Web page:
The Tosso Variations is a videomusical suite in five movements based on recordings of several free improvisations by Shingo Inao. Shingo plays his Tosso, a six-stringed sensor instrument of his own design. Each improvisation is performed with Shingo dressed in a different outfit. This series of pullovers are from The Story of Oswald 1848 – a collection created by fashion designer Nicole Roscher for her label Von Bardonitz.
The Tosso Variations was originally exhibited as a five-channel video installation at the MU artspace in Eindhoven, Netherlands, curated by Angelique Spaninks. Supported by MU, Eindhoven.
I am acutely sensitized to the sounds around me and consequently to the sources of the vibrations which produce those sounds. Videomusic enables me to communicate the audiovisual reality which normally only exists in my imagination. Through this medium I explore and re-organize spacetime – objects, rooms, musicians, situations – to compose music.
My experiences making videomusic have always stemmed from a desire to reveal the physical impossibilities inherent in digitally sequenced electronic music. When I first encountered this sort of music I found it both fascinating and mysterious. The overwhelming impression was that the music conveyed a sense of time compression which spanned multiple dimensions; the number of tracks, the complexity of the voicings, the sheer speed of the tempo and rapidity of delivery. These were the sonic artifacts of a composition process that transcended the music of the body and embraced the music of the mind.
Despite these ethereal inspirations, I prefer to work with electro-acoustic sound material which I record myself. This analog tendency in my work is both a reaction against sampling other people’s music as well as a means of creating arbitrary compositional restrictions. In this regard I find myself inspired by the self-created limitations of the early Musique Concréte.
Shingo Inao and I became friends in the fall of 2005. We share many passions, including a mutual admiration for the Japansese musician Cornelius and a foundation in improvised music. Over the years I have seen him perform his electro-acoustic sensor instrument Tosso on countless occasions. Both his intense concentration when performing as well as the instrument itself captivate me. To capture the source material for The Tosso Variations I created a situation in which Shingo could perform five free improvisations for my camera.
It was very important to me that I create sufficient visual variation to accompany the natural musical differences between the five improvisations. This is how designer Nicole Roscher was brought into the process. I was inspired by the unique pullover she created for The Story of Oswald 1848 – a collection for her label Von Bardonitz. I introduced Nicole to Shingo to see how he would respond to the idea of performing wearing the pullovers. The combination was instantly satisfying to us all. I am especially satisfied with how the textile of the pullovers reacts to my editing process, visually amplifying every edit with ripples in the fabric.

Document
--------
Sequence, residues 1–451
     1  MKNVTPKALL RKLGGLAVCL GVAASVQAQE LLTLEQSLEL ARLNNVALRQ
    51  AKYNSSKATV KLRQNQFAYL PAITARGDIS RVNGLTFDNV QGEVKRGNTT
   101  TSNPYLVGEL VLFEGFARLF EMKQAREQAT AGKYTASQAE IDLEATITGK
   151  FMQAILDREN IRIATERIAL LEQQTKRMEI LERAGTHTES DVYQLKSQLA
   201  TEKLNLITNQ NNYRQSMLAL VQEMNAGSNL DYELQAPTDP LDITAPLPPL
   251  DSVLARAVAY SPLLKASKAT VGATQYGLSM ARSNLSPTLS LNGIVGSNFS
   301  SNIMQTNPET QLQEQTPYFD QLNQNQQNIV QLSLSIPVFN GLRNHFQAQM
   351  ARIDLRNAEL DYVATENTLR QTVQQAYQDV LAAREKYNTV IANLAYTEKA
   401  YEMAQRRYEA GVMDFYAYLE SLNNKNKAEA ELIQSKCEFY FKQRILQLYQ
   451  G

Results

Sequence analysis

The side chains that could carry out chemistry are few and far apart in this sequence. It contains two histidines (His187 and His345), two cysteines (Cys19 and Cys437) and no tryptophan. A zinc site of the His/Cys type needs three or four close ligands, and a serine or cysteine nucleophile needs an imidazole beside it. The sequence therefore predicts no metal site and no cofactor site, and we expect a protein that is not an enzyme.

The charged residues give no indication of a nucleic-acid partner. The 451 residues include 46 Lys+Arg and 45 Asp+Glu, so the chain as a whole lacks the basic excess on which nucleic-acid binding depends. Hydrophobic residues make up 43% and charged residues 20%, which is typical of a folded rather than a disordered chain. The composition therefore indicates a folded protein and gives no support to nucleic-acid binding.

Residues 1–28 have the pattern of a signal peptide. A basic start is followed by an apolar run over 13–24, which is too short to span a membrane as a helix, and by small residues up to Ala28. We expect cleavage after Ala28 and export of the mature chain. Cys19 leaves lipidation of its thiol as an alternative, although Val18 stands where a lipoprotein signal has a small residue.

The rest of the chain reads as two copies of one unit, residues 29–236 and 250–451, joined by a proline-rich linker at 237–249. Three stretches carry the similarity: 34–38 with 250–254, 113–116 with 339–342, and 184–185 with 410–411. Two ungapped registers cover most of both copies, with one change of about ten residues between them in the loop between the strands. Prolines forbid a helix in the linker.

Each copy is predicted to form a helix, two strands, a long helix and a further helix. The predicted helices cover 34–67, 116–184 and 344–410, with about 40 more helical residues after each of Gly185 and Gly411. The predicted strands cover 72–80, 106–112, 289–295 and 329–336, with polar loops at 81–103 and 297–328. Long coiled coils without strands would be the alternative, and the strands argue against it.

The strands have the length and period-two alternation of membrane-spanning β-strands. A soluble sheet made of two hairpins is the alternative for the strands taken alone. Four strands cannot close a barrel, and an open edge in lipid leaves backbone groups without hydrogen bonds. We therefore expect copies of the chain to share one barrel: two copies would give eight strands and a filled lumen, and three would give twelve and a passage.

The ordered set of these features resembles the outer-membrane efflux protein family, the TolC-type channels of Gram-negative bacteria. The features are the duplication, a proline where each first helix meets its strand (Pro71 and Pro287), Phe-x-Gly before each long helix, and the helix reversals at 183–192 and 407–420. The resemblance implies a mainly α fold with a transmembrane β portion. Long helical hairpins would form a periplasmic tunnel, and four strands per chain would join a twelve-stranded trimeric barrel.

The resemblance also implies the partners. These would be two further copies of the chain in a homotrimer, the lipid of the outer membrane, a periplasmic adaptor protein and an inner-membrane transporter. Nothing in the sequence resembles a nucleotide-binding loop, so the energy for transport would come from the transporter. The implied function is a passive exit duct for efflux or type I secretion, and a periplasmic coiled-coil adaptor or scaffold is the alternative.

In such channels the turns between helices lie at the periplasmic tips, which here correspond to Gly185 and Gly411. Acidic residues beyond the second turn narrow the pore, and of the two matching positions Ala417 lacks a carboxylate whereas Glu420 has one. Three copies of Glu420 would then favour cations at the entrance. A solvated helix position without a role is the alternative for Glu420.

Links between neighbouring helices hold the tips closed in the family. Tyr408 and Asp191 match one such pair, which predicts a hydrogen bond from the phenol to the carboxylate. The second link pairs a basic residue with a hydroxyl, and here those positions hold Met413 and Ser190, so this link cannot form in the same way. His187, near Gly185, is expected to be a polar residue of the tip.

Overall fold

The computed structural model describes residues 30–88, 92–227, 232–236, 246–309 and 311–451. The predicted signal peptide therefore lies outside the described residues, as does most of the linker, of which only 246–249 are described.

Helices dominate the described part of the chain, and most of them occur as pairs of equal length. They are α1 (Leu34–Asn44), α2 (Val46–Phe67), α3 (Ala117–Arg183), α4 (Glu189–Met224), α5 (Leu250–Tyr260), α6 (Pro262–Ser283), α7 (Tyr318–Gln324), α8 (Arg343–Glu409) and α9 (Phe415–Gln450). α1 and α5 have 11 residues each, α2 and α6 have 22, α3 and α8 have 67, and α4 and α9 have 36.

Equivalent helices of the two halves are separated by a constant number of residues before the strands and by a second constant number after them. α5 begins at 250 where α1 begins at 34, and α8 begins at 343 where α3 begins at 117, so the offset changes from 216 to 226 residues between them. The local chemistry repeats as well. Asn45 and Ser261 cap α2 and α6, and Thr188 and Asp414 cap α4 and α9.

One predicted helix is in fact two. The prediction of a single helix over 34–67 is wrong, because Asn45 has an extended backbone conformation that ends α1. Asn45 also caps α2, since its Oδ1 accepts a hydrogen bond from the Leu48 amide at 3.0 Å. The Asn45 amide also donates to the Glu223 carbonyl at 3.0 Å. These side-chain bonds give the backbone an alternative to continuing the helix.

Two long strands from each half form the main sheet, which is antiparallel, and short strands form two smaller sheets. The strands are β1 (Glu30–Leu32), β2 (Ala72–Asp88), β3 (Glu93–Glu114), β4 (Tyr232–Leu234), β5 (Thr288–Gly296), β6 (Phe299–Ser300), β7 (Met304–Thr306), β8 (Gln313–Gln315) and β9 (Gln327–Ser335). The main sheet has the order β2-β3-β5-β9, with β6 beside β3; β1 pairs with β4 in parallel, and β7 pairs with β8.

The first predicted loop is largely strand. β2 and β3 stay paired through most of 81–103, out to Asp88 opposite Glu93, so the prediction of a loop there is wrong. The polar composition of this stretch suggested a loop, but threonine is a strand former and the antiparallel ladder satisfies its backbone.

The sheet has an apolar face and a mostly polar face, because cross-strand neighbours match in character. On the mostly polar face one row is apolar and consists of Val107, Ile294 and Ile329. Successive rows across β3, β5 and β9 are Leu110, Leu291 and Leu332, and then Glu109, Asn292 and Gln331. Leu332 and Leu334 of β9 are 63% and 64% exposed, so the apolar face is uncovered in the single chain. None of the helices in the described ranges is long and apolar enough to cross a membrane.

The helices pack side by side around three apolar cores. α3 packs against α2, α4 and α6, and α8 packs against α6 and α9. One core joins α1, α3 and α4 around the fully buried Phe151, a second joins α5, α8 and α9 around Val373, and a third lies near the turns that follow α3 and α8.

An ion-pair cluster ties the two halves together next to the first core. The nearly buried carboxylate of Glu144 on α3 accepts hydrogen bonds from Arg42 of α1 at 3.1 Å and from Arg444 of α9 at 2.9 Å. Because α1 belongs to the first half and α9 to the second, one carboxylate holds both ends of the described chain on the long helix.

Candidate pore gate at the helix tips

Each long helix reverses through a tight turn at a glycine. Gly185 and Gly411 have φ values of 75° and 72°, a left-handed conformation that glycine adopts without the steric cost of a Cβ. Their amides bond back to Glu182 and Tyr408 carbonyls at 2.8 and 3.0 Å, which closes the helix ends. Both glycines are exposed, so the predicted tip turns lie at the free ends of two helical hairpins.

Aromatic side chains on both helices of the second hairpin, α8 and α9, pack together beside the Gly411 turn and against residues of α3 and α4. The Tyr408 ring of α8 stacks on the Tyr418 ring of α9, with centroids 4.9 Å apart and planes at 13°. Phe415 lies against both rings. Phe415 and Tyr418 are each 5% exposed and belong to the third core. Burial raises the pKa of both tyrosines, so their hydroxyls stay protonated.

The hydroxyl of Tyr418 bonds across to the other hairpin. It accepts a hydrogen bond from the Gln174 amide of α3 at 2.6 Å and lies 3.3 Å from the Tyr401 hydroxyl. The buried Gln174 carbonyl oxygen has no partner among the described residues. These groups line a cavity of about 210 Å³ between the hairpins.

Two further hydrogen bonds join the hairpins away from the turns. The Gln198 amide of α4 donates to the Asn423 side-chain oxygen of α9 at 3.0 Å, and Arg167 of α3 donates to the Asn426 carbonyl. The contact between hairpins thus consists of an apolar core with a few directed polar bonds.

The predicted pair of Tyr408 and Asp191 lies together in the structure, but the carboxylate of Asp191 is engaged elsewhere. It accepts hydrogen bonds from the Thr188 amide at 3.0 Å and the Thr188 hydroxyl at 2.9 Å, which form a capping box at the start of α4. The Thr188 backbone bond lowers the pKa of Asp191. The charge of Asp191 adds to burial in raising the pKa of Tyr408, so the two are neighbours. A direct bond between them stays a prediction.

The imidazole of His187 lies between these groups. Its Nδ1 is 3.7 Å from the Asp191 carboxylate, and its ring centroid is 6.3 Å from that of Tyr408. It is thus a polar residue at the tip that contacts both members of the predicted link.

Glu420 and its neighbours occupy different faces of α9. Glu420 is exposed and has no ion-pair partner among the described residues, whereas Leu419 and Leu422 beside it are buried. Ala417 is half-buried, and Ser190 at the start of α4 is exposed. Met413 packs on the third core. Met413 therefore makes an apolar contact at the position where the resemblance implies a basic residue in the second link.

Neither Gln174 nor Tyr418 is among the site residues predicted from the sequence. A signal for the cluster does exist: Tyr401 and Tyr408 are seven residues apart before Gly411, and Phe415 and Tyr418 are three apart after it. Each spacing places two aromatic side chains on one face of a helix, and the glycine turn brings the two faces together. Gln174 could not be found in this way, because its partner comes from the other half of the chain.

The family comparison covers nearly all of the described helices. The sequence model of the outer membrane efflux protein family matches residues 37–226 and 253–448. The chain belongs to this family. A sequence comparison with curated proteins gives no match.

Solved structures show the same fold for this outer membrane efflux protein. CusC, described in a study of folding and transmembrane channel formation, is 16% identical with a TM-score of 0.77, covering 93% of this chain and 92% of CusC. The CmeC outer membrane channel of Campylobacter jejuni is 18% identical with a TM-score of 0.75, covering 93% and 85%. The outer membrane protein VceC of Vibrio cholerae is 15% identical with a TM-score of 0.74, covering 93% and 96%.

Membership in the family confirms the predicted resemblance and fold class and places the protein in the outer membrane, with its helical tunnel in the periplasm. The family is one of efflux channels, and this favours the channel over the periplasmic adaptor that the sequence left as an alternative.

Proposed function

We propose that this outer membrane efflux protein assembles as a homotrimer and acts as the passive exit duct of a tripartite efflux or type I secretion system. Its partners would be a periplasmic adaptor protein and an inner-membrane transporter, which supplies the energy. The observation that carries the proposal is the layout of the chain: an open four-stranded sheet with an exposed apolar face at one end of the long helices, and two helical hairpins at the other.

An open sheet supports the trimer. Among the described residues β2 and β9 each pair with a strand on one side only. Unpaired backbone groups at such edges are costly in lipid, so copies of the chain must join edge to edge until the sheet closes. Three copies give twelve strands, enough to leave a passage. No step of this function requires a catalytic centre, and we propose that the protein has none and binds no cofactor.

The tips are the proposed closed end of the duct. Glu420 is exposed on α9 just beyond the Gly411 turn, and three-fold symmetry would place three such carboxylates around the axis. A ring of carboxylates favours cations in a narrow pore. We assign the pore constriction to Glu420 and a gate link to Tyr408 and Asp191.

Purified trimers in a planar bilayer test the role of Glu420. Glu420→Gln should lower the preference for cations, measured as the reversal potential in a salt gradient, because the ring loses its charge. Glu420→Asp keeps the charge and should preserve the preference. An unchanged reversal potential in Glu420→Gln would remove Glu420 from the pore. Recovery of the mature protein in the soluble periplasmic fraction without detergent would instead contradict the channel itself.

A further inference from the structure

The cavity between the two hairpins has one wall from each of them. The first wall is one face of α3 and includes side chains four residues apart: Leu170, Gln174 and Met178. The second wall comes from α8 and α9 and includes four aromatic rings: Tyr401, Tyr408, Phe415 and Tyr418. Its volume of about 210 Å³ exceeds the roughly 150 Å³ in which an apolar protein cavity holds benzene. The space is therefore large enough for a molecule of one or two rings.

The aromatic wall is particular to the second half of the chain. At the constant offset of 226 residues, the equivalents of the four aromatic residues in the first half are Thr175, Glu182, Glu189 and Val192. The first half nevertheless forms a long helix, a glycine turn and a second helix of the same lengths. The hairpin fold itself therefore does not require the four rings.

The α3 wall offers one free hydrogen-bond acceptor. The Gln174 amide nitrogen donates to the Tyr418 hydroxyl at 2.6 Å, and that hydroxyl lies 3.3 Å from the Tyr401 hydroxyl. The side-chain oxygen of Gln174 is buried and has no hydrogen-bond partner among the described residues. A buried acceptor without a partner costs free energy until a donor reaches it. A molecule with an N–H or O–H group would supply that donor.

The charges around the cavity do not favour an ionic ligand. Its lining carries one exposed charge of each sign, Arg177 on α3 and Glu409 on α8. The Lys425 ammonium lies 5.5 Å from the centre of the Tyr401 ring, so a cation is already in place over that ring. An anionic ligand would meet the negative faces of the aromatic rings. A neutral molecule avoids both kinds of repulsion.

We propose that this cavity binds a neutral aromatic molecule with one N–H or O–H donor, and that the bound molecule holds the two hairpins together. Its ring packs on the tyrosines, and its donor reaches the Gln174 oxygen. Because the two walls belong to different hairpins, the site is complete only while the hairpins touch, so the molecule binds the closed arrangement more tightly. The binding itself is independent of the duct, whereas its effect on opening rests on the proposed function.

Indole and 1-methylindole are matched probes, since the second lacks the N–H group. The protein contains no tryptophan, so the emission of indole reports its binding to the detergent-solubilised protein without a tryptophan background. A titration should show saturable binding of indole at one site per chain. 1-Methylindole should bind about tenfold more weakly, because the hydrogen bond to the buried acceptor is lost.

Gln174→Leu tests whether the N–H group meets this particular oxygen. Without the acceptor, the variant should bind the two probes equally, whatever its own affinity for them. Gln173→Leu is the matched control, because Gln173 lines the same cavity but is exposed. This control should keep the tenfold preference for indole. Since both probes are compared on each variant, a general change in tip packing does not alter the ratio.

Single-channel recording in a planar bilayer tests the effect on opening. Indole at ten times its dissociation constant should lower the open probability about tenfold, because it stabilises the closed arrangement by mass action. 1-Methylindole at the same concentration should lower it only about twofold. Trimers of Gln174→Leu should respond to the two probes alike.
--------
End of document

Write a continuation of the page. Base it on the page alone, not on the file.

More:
After recording Shingo’s improvisations I was confronted with a need to devise a method for navigating the raw material. I created an interpretive graphic notation system for this purpose. These notations allowed me to look at the overall shape of each improvisation and identify the basic structures of the performances.
Pursuant to my analysis of these structures I began to deconstruct and rearrange the recordings into my own compositions. When I compose videomusic the music and images influence one another in a continuous cycle of positive feedback. What you see is the result of a series of decisions – audiovisual mappings – which are made on a measure by measure basis. When the process is going well I often find myself dancing around. If the work makes you want to dance I encourage you to follow your impulse!
Silence = Stillness
This installation draws attention to a certain aspect of audiovisual thinking which I feel deserves some modest elaboration. Audiovisual works generally consist of two sorts of mappings between sound and image;
- synchronous – what you see is what you hear
- synchronized – what you see is matched to what you hear
The audiovisual rhythms in my work derive their sense of swing and synaesthesia from the balance of these two approaches. Too much synchrony leaves no room for imagination whereas too much synchronization can become arbitrary.
One mapping in particular which is often made in audiovisual work is silence = black – a mapping which I find highly problematic. This mapping matches rests in the music with a black frame; the default of the empty editing timeline – essentially a simulation of a darkened film projector or black leader footage. As the medium involved is video and not celluloid, for me it would be better stated that silence = stillness.
The silences in an audio recording are not gaps in the recording but rather the ambiance of the location in which the recording is made – the room. This notion of room carries over into sound design when the ubiquitous “room tone” is sought after to patch and mend audio tracks. The repetition of the empty room in this installation dignifies the stillness of the space, creating a hypercubist chamber inside of which sound and image can play together. In this sense, The Tosso Variations can be understood to be audiovisual chamber music.
Berlin, January 2012
*originally published in limited edition seriograph print for the 2012 exhibition in MU, Eindhoven.